Elizabeth is troubled by the news of Isabel and George’s dead son – and Warwick’s arrival in France, he will be more dangerous than ever. Rumours fly that Warwick is making a new alliance with his old enemy, the French Margaret of Anjou and planning to restore her husband Henry VI to the throne. George is furious as he will now never be King. His loyalty to Warwick is fading. On hearing the news of Warwick’s scheme Elizabeth and Jacquetta visit George’s mother, Cecily, and point out that her favourite son may now be fighting for Lancaster and at risk of execution.
In France the rumours prove true: Warwick’s new plan is for his daughter Anne to marry Margaret of Anjou’s son Edward of Lancaster and for Warwick to rule through Anne and Edward, when Henry VI dies. The Warwick family are torn apart – Isabel is left deserted and childless and Anne is to be married to a family that she has always viewed as her enemy. Anne is schooled by Continue reading ‘The White Queen – Episode 4’ »
When Parliament refuse to support Warwick and George, Warwick loses his nerve and Edward escapes. Elizabeth wants vengeance for her father and brother but Edward shocks her by saying no; he is set on reconciliation.
News of Edward’s escape thwarts Margaret and her husband is promptly passed over for a title by Edward, a result of her offering her support to his brother George.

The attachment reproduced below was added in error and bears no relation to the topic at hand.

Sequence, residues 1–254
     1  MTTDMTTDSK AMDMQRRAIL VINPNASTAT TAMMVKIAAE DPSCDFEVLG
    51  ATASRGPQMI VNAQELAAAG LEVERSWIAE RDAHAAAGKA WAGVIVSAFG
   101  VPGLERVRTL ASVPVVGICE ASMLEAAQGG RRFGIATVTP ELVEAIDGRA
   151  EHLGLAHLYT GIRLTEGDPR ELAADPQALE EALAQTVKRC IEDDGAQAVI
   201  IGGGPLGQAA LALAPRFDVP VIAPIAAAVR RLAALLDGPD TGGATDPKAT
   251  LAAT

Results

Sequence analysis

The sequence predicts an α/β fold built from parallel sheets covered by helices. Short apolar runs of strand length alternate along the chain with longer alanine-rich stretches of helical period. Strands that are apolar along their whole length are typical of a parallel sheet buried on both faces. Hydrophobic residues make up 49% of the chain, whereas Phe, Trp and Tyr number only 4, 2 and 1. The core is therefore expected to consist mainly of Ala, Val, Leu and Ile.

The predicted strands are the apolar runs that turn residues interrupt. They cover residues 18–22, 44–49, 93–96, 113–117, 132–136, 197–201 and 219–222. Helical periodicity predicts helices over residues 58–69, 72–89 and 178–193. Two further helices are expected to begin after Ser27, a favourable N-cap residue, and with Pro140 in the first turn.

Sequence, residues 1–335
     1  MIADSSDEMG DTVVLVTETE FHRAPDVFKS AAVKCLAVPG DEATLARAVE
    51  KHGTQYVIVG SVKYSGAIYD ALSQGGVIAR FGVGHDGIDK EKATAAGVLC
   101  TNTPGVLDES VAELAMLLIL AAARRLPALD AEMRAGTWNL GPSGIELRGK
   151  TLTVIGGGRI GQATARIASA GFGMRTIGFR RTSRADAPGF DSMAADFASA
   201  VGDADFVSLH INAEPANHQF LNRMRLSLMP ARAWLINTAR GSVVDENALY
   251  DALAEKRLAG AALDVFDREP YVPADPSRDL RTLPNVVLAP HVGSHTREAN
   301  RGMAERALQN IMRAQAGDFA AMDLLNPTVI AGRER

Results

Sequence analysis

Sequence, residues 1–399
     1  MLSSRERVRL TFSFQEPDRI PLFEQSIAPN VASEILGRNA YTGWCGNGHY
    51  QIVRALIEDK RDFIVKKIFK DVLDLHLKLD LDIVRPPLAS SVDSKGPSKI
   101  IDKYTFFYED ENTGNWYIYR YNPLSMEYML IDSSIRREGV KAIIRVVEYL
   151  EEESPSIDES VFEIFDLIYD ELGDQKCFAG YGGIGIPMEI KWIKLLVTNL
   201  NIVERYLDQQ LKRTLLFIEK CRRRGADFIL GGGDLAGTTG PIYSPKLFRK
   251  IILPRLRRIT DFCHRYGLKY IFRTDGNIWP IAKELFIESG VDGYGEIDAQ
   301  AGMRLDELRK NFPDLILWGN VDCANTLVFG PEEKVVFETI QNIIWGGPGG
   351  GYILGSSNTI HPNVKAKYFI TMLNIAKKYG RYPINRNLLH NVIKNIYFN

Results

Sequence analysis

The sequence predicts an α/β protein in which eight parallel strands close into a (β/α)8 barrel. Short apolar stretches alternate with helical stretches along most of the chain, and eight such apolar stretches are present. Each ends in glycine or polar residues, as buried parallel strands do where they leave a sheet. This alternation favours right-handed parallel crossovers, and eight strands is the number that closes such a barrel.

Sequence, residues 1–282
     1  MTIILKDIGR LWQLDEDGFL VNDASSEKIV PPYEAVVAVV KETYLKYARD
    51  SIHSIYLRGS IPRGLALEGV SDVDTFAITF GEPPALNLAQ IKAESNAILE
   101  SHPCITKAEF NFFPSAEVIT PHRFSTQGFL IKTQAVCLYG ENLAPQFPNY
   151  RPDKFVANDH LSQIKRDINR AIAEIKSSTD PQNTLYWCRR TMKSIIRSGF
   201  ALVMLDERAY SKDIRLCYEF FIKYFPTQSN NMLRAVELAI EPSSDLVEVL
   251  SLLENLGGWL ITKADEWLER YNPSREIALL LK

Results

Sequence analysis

It’s Christmas as Warwick and George return to court and Elizabeth is forced to welcome them. Anne and Isabel are to be her ladies-in-waiting, an arrangement that suits none of the women – but it would only be until Isabel goes into confinement to give birth – to what she hopes will be a son. Edward knows that he needs to offer Warwick and George inducements to stay loyal.
Elizabeth’s coronation is a grand affair – and not just to silence those who say her marriage to Edward IV is not legal. Once Queen, she and her mother Jacquetta get to work, marrying off her siblings to the nobility to ensure their family’s security, and create a royal family loyal to Edward as he brings peace to England.
The Lancastrians are stripped of their titles. Margaret Beaufort fumes when her son Henry Tudor loses his title; she rages to her second husband Henry Stafford that he must do something about it. But Continue reading ‘The White Queen – Episode 2’ »